'We shall not forgive': Tunisia's campaign against ex-regime figures
A grassroots movement targeting Tunisia's economic reconciliation bill has been gaining popularity, particularly following the brief detention of several of its members.
Manich Msameh ["We shall not forgive"] is an independent non-violent movement that hopes to hold accountable the top figures from the era of dictator Zine el-Abidine Ben Ali, who was ousted in a 2011 popular revolution that triggered a series of Arab Spring uprisings.
"Manich Msameh serves as a reminder for the Tunisian people that there is no room for reconciliation with the top figures of the former regime," member Wessam al-Saghir told The New Arab.
"Continuous events and incidents, as well as social and economic crises, may push the revolution's main goals into oblivion," he said. The movement, he added, hoped to "resist the obliteration of the revolution".
Saghir was among several movement members who were arrested and briefly detained last week for "hanging posters without a permit".
The group were posting portraits of Tunisian politician Abdel Wahab Abdallah, accompanied by the word "Wanted".
Abdallah, who is accused of leading a media blackout and crackdown on dissent during Ben Ali's era, had sparked controversy after he was invited to an official ceremony at the Carthage Palace.
Manich Msameh and others considered the move as an insult towards the revolutionary youth and a step towards reconciliation with Ben Ali's cronies.
Saghir believes that the movement will be successful, as it "haunts" the politicians who "dream of a full reconciliation".
The movement was founded last summer after the government approved the controversial bill based on a proposal by President Beji Caid Essebsi in March.
Following government approval, the bill was referred to the parliament for ratification.
If adopted, the proposed bill would grant amnesty to thousands of Ben Ali's allegedly corrupt businessmen, ministers, and top aides - in exchange for their wealth, which they are reported to have embezzled from state funds.
It would end any prosecutions underway and cancel any sentences already handed down - if the business executives agree to give back the assets in question.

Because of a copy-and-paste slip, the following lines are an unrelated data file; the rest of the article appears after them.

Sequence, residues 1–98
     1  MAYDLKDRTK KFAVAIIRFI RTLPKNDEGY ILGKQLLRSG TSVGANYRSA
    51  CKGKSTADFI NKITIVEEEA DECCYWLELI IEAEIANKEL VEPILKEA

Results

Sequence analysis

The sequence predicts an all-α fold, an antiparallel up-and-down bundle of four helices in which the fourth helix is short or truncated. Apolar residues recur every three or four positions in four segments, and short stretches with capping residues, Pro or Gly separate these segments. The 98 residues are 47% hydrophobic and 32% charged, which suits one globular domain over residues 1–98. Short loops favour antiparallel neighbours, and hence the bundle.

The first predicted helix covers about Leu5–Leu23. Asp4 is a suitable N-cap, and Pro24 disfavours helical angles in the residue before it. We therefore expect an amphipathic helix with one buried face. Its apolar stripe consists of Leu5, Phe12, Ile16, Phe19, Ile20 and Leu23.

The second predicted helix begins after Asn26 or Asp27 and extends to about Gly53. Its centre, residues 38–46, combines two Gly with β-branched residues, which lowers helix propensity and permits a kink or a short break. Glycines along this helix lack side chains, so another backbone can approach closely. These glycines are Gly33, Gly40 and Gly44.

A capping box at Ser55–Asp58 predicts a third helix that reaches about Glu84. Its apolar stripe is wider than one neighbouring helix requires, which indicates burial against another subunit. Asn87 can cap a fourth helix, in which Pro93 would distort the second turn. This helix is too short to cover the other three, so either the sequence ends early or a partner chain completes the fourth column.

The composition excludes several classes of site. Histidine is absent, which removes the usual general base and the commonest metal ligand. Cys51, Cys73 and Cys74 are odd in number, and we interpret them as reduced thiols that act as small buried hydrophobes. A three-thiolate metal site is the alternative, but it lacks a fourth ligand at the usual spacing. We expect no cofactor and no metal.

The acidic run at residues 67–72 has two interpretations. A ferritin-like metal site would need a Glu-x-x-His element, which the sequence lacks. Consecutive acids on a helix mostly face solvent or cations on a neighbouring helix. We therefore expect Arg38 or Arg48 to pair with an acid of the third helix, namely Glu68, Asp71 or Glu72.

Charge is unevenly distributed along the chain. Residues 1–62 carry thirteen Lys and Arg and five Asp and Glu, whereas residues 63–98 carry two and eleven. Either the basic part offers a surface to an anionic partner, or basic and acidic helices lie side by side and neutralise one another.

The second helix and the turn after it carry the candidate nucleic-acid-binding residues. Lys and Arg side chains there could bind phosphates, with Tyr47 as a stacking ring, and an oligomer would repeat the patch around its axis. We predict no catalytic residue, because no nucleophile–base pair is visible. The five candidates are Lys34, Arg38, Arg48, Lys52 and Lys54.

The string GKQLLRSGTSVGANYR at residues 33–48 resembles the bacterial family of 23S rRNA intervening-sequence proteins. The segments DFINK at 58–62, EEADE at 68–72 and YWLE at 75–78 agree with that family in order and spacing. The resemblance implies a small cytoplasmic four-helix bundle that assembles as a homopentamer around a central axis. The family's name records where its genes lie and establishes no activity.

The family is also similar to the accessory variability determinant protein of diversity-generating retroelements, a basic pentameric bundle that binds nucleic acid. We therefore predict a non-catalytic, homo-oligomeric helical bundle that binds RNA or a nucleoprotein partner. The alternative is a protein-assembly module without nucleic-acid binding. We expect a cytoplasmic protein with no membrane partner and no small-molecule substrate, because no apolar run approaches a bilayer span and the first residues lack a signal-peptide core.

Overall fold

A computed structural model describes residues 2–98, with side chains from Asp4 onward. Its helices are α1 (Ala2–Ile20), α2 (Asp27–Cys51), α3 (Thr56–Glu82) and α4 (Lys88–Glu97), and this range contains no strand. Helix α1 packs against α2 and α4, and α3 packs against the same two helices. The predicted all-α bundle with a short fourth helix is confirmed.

Transparency International issued a press release in August 2015 strongly condemning the bill and calling on the government to reject it.
"There is nothing in the proposed law to make the corrupt name the cronies or high officials in the Tunisian government who helped them steal," the press release said.
"This allows the most corrupt in Tunisia to escape justice."
The group's chairman, Jose Ugaz, added: "The proposed new law would make a sham of the noble concept of truth and reconciliation.
"The biggest thieves who enriched themselves under Tunisian dictator Ben Ali would be able to escape justice in return for putting some of their ill-gotten gains back into the economy. That will only serve to boost the influence and power of the corrupt."
Last September, dozens of members from the movement protested in front of the Tunisian General Labour Union in the capital, Tunis, chanting: "We shall not forgive."
The police forcibly prevented the march from parading down the central Habib Bourguiba Avenue and briefly detained a number of protesters.
"Tunisia certainly faces serious security problems, but the authorities' heavy-handed response to these peaceful protests is no way to resolve them," Eric Goldstein, deputy Middle East and North Africa director of Human Right Watch, said at the time.
"Tunisian authorities need to send a clear message to their security forces that beating and otherwise mistreating peaceful protesters won't be tolerated."
Presidential spokesperson Moez Sinawi responded at the time, saying that the bill would not be withdrawn from the parliament.